“The Middle Place is about calling home. Instinctively. Even when all the paperwork — a marriage license, a notarized deed, two birth certificates, and seven years of tax returns — clearly indicates you’re an adult, but all the same, there you are, clutching the phone and thanking God that you’re still somebody’s daughter.”

So yeah, those little blurbs on the book jacket are supposed to make you buy the book.  But I’m stronger than that.  Maybe for most books, but this one pulls you into a big bear hug, like I imagine the author herself would do if I met her on the street.

I’m a huge fan of memoirs of “regular” people, by which I mean not Burroughs or James Frey but instead people like  Judy Blunt, Alison Smith or Abigail Thomas.  Woman with complicatedly simple lives which they live with extraordinary ordinariness.  Real people.  With real problems. 

I read memoirs because they contain that spark of surprise – someone is like me!I like reading things that feel instinctually right, even though when I hear them in my own head I fear they are oftentimes weird or wrong.  Call it my need for external validation but to see oneself in another is comforting, no matter who you are.

I was drawn to Kelly herself, but more importantly I was also drawn (as she said I would be; she’s so smart) to her father, George.  He reminded me a lot of my late grandfather or at least how I like to remember him.  At least I know that my mother felt similarly about her parents, her kind, easy going and fun-loving father and her capable, tough and pragmatic mother.  As Kelly suggests, if you want to feel good or need twenty bucks, go see George.  If you want something done, go see her mother.   I remember thinking the same about my grandparents.  My grandfather always had candy, though he was diabetic.  My grandmother always had advice, usually of the unwanted variety.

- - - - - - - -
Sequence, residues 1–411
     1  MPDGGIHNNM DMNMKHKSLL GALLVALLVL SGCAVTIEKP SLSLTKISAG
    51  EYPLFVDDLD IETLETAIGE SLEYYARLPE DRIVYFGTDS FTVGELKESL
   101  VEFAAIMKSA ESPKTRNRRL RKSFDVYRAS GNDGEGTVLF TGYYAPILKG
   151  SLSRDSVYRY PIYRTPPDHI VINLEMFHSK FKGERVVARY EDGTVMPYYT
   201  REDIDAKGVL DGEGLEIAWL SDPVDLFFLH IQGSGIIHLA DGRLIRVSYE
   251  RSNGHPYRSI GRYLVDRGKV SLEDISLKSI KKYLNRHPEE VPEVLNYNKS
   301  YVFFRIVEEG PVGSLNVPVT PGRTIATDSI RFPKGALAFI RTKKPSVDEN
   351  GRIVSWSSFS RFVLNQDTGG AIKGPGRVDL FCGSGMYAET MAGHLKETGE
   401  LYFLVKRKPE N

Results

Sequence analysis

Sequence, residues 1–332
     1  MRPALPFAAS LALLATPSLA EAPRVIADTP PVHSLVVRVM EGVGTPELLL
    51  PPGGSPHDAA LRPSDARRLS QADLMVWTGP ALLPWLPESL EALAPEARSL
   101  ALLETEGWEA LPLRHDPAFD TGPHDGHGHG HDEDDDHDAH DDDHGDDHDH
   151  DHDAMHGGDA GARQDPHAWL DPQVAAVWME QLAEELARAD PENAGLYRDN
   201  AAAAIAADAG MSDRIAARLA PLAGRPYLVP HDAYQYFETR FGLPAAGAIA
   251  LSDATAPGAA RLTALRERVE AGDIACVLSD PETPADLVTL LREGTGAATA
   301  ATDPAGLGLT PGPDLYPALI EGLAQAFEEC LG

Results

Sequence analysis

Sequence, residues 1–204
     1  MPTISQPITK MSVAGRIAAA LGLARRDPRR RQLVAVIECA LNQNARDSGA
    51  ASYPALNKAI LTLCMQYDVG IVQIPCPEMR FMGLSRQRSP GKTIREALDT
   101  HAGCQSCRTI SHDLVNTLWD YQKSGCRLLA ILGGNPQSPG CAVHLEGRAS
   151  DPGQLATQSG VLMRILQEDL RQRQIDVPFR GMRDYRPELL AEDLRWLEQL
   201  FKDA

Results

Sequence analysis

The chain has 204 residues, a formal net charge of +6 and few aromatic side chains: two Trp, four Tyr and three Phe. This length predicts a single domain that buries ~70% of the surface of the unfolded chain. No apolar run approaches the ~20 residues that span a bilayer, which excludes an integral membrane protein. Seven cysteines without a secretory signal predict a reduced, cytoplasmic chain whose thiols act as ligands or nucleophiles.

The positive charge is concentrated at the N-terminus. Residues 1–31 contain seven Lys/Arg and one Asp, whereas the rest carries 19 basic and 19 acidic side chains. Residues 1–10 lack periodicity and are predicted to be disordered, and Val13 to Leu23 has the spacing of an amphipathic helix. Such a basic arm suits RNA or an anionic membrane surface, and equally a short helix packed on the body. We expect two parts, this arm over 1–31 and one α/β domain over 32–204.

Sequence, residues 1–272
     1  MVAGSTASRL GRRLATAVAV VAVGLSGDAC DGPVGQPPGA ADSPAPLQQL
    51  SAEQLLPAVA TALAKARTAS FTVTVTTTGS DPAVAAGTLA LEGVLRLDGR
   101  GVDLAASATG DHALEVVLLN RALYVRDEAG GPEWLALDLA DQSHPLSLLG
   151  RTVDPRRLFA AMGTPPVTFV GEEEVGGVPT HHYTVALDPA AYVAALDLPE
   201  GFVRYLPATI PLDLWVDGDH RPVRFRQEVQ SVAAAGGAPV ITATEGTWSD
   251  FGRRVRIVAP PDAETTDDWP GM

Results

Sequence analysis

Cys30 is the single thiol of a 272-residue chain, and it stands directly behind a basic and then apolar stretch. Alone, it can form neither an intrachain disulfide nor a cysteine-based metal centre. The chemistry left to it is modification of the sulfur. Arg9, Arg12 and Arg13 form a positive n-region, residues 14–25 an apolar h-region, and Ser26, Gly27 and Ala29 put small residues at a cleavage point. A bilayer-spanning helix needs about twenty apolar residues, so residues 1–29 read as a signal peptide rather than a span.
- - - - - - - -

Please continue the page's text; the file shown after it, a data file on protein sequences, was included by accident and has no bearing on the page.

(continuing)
While my relationships with my parents are quite different, I do feel Kelly’s need to be someone’s daughter.  To know, that even when you are a parent yourself, there is someone in your corner willing to help you out.  That you don’t need to have all the answers because someone else does.  She thinks of this as a delaying of growing up, of staving off adulthood.  But I think it gets to the heart of familial relationships.  It’s certainly hard for parents to see their children as adults, but I think perhaps it’s harder for children to see themselves as such.  It’s such a relief to let someone else take control, to know that someone else is in charge.  It’s a dynamic that all children and parents work through.

Kelly’s story of her family and her life is inspiring and I don’t say that lightly.  She’s a real person with real fears and needs and triumphs.  I won’t tell you any specifics, because I expect you to go out and read it.  Now.  Because it was with regret that I put down this book. 

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